Talk:Corn Palace

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Close up picture of a mural needed[edit]

A close up picture of one of the murals would be a nice addition. — Preceding unsigned comment added by Aflafla1 (talkcontribs) 20:38, 9 June 2012 (UTC)

1907 photo[edit]

Just out of curiosity why does the 1907 Corn Palace have a swastika on the front? I realize this was long before World War II and the Nazi party but it does seem odd nonetheless. What were they trying to symbolize with respect to corn? — Preceding unsigned comment added by 98.119.151.233 (talk) 07:01, 10 June 2013 (UTC)

See http://en.wikipedia.org/wiki/Western_use_of_the_Swastika_in_the_early_20th_century

Essentially it was kind of trendy at the time. The corn palace was always made with a eastern motif. The swastika at this time was being found to be a symbol of indian, germanic, and native american cultures as a result of then contemporary anthropological studies. So it was sort of a "we are the world" symbol, way opposite of the feelings it elicits today. 50.80.146.188 (talk) 22:49, 27 June 2013 (UTC)

isn't that a typo for "1937" anyways? the onion domes and minarets weren't added until then, but they are clearly visible in this photo.
in which case, i gotta join the previous poster -- indian/mystic swastikas were all the rage EARLIER ON, yes, but...1937? meaning is clearly nazi by that point!! see your own wiki. 2002:D1AC:1790:0:0:0:D1AC:1790 (talk) 23:32, 1 January 2015 (UTC)
This source (http://www.travbuddy.com/travel-blogs/4192/Mitchell-Corn-Palace-10) says a photo at the palace dates the swastikas to 1914, not 1907. - DavidWBrooks (talk) 02:54, 2 January 2015 (UTC)
However, that source is wrong, since this one (http://www.travbuddy.com/photos/blogs/93547) shows the photo on display inside the palace, which clearly dates it at 1907. I'll edit the mention in the Western use of the Swastika in the early 20th century wiki. - DavidWBrooks (talk) 14:47, 2 January 2015 (UTC)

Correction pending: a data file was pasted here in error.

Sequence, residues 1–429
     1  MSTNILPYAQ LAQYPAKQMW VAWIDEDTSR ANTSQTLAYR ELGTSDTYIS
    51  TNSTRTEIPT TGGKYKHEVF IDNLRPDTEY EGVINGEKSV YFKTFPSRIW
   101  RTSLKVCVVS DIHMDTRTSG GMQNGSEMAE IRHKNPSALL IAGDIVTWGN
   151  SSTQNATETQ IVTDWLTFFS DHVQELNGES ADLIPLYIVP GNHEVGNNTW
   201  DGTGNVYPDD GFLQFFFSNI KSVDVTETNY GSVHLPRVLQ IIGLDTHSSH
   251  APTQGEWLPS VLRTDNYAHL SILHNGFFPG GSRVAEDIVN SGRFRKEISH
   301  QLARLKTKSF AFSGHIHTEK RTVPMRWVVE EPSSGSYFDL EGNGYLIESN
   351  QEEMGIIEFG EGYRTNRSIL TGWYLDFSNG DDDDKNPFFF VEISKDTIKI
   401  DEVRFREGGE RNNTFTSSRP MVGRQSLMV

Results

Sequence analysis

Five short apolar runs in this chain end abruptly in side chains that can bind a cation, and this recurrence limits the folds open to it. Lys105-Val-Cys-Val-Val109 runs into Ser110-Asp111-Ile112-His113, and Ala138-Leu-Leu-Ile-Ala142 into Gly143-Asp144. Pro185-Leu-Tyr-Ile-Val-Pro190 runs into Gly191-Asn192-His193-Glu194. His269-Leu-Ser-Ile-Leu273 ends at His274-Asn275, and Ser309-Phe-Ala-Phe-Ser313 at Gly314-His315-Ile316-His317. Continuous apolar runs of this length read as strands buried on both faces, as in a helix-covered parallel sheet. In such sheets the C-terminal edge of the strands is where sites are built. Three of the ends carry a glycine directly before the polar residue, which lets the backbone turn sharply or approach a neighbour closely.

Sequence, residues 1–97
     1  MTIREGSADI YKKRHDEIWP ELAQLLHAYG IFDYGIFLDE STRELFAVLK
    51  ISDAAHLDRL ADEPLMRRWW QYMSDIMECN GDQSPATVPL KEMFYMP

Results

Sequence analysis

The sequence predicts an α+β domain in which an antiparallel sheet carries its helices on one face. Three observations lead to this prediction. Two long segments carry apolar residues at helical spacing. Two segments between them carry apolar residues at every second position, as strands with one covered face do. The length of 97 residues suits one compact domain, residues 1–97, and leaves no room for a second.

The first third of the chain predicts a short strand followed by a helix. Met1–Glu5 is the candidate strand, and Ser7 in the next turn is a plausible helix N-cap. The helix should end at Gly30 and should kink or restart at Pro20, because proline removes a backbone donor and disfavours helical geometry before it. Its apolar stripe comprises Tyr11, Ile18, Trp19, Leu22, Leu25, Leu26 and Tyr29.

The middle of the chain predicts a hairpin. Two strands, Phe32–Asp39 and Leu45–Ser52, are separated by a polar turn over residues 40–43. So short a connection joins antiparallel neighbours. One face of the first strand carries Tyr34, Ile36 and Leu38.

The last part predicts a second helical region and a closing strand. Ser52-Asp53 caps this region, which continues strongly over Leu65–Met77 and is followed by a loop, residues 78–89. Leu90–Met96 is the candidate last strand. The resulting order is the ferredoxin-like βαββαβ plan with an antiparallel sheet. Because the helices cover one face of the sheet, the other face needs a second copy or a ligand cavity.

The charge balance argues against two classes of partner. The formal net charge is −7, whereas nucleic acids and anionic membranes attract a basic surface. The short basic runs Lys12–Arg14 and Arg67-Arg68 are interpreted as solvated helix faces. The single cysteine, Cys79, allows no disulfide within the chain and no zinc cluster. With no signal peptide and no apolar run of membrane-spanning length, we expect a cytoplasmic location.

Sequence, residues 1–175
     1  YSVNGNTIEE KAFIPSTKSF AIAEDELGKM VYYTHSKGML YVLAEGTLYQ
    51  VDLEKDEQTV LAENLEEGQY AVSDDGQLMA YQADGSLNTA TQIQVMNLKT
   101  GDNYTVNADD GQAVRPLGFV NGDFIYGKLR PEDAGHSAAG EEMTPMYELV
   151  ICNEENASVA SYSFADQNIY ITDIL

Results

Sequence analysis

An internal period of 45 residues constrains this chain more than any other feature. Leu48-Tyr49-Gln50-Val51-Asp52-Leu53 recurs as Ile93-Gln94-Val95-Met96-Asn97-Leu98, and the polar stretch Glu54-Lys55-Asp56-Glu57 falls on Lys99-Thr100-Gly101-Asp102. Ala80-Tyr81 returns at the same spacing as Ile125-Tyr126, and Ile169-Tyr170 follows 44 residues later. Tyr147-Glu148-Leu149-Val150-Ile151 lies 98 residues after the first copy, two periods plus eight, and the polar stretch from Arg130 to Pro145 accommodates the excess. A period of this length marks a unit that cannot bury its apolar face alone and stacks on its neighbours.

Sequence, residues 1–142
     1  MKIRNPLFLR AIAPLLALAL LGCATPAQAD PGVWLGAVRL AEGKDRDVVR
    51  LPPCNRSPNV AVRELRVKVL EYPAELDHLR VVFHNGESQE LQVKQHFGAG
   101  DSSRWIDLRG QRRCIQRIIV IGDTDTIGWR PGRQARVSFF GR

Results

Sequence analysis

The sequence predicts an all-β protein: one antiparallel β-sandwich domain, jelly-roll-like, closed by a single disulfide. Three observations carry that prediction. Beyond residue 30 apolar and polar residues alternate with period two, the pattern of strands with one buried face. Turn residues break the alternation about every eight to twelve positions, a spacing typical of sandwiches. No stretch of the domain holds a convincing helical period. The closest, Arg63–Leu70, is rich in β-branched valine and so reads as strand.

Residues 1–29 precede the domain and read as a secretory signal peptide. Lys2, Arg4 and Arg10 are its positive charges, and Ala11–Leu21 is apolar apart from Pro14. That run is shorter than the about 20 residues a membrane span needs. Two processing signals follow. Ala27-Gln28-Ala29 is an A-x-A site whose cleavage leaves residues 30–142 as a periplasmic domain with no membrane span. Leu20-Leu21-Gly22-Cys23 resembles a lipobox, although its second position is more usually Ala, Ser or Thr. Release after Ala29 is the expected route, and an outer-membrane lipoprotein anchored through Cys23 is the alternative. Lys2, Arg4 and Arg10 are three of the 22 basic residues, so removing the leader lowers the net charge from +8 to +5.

Also, note that while the onion domes weren't added until 1937, the dome as shown in the swastika photo, existed all along. - DavidWBrooks (talk) 17:50, 2 January 2015 (UTC)
i still don't get it. whether the pic is 1907 or 1914, how can it have those onion domes if they weren't added until 1937?!
are u saying that latter info is incorrect? when WERE they added then? with the original construction? 209.172.23.213 (talk) 08:05, 3 January 2015 (UTC)
Look at the photo again: It doesn't have the onion domes. It has an earlier type of dome, more of a cupola, not the ones that look like they come from the Kremlin. - DavidWBrooks (talk) 14:19, 3 January 2015 (UTC)
No, several are traditional onion domes -- pointy top, bulbous midsection, tapering back in on the bottom. Do an image search for "onion dome victorian" and you'll see plenty that are just like those on the Corn Palace picture. --jpgordon::==( o ) 18:31, 3 January 2015 (UTC)

Yes, but they are not the big Russian-church-ish onion domes that the palace is known for today, which were added in 1937 and which led to this time-travel discussion - the place looks quite different now. I think it looked better then, personally. - DavidWBrooks (talk) 21:19, 3 January 2015 (UTC)

ok, so the takeaway here is that onion domes were CHANGED in 1937, not "added"? or that MORE onion domes were added, but of a new style overshadowing the original set (which, nonetheless, remained)?
article should be reworded to reflect that...whichever it is. totally misleading as it is now. 209.172.23.219 (talk) 23:27, 11 January 2015 (UTC)
Good point; you want to do the edit? - DavidWBrooks (talk) 12:40, 12 January 2015 (UTC)
not really, seeing as i'm still fuzzy on the details. i defer to those of you who actually KNOW something of the matter.... 209.172.23.219 (talk) 01:42, 13 January 2015 (UTC)